We found perfect matches in the nr database corresponding to 3 unique permutations: EDGEECDCGE, DGEECDCGEE and CEGGCEEDDE. One match, CEGGCEEDDE, was found only in one sequence annotated as a putative protein kinase in rice (Oryza sativa). The peptide sequences, EDGEECDCGE and DGEECDCGEE, both matched the same region of the disintegrin domain of the human and mouse versions of ADAM 19 (A Disintegrin and Metalloproteinase domain 19; GeneID: 8728) . Since the bovine form of ADAM 19 has yet to be sequenced, we were unable to determine if this sequence is also present in bos taurus. This acid-rich sequence region (Table 1) is present at the beginning of the disintegrin domain of ADAM19 . We note that the DNA coding location for this subsequence is at the very end of an exon, giving rise to the speculation that the decameric peptide could possibly be an alternative splicing product. Arguments against this sequence giving rise to LMWCr and the complex acting intracellulary are that ADAM 19 is a membrane protein with extracellular domains. This argument is not needed if Cr might act extracellularly; the conserved nature of the motif leads one to suspect that it plays an important role, but it is at best a highly tentative candidate for being LMWCr. From these results, LMWCr appears unlikely to be a contiguous peptide sequence, unless an as-yet undiscovered peptide is found.
Noting that the reported stoichiometry consists of even numbers of amino acids, we further considered the possibility that LMWCr might be a disulfide-linked dimer, with each monomeric unit having the composition, E:D:G:C::2:1:1:1. Such a hypothesis is consistent with the limited resolution of the experimental data used to derive the stoichiometry  and yields 60 sequence permutations. The expected number of random matches in the nr database is much higher, ~104. Restricting this search to the human proteome gave rise to 439 (expected: ~102) matches, with no reason to prefer one over the other.
Insulin signaling pathway mapping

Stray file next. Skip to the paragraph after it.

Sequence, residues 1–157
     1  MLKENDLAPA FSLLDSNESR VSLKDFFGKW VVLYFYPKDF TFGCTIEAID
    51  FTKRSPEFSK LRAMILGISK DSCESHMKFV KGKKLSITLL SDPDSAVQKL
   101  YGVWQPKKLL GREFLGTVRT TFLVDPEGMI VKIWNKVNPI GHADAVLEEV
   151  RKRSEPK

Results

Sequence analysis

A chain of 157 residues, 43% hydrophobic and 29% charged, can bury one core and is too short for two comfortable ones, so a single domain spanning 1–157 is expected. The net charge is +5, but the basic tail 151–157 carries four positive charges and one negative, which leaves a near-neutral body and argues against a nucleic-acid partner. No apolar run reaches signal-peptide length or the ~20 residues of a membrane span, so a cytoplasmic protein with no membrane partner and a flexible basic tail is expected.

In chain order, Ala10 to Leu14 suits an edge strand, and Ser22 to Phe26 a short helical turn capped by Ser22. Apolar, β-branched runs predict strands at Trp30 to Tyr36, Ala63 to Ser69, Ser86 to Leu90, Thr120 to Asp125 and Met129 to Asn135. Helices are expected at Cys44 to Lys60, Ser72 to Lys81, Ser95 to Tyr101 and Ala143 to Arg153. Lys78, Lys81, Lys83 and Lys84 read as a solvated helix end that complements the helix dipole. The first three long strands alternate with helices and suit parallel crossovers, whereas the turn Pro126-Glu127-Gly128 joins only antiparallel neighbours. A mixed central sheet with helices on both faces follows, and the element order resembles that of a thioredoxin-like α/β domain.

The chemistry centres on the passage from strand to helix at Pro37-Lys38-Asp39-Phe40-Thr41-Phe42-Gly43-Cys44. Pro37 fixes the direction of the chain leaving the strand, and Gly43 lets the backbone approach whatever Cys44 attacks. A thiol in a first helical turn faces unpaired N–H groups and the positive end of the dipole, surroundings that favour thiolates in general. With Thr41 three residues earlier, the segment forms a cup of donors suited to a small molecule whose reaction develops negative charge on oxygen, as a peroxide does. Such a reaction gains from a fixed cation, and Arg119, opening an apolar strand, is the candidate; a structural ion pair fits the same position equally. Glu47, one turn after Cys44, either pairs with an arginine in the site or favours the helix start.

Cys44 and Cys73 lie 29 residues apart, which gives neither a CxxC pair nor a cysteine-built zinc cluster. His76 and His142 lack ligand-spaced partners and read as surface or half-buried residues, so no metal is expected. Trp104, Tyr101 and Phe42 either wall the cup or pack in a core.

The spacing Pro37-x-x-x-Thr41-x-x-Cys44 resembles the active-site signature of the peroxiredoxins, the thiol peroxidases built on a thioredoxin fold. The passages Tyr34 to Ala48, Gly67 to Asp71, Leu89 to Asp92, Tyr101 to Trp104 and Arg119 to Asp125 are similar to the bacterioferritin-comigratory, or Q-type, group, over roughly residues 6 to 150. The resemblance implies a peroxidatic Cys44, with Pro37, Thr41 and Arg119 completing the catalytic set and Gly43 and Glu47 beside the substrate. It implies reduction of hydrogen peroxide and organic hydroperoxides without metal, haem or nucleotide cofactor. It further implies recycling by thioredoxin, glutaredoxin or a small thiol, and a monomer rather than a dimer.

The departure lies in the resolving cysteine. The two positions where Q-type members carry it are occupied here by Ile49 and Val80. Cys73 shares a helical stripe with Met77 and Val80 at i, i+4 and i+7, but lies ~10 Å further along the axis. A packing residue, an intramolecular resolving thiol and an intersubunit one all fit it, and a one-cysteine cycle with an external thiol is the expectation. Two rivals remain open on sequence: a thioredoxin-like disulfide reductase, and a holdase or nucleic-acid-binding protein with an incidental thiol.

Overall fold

Considering that LMWCr might be a subsequence of a protein related to "insulin" or known to be involved in the insulin signalling pathway, we compiled a set of 96 such sequences. This set comprised two components: 1) proteins playing a role in the insulin signaling pathway (23 protein sequences were selected) derived from pathway charts, and 2) the set of all protein sequences derived from SwissProt for the search, "insulin + human" (78 entries). The two components were compared for redundancy and the duplicates removed (5 instances).
A cross comparison of the resulting 439 entries using the BLAST query method versus the set of 96 pathway and insulin-related proteins results in a unique match for one of the 60 pentapeptides, EECGD, within the insulin receptor (INSR), residues 180–184 (expected matches: ~10-1). Comparison of the pentapeptide set to a more detailed insulin signaling pathway construct  yielded the same result.
This sub-sequence lies in the extracellular α-subunit of INSR in an acid-rich region (-NKDDNEECGD-) towards the end of the L1 domain, and at the start of the "cysteine-rich region". A BLAST query  for all INSR homologs in the nr database shows that this sub-sequence and acidic region is conserved in mouse and rat. Given the location of this acidic sequence within a molecule central to glucose homeostasis, the correspondence with experimentally measured stoichiometry and conservation across multiple species, we speculate that this sequence, or a fragment from this acid rich region may give rise to Cr-peptide fractions isolated from tissue. This suggestion implies that such fractions may not be homogeneous, discrete Cr(III) complexes, i.e. proteolysis may lead to a group of similar peptides that differ by one or more amino acid residues on either side of the Cr binding site. This interpretation differs significantly from reports on the isolation of LMWCr, which attempt to avoid a proteolytic product.
A crystal or solution structure of this region of the insulin receptor has not been determined. However, the crystal structure of a homologous molecule, the insulin-like growth factor receptor (IGR1, GeneID: 124240) has been published [30, 31]. Sequence alignment shows that this molecule exhibits a conserved difference in this region, having the subsequence -KECGD- in the same region instead of -EECGD- as found in INSR. The decameric "acidic region" found in INSR is not present in this growth factor receptor – cf. -NKPPKECGD LCPGTL-. The cysteine in -KECGD- forms a disulfide bond with another cysteine residue 28 positions away in the crystal structure. However, we do not know if this is due to the crystallization conditions or representative of the natural form. Further, the insulin receptor possesses 3 additional cysteine residues compared to the insulin-like growth factor receptor, thus the pattern of pairing of cysteine residues to form disulfide bonds may be different in the two receptor types. The observed difference may be great enough to preclude Cr(III) acting on the insulin-like growth factor receptor.
Chromium-peptide complex synthesis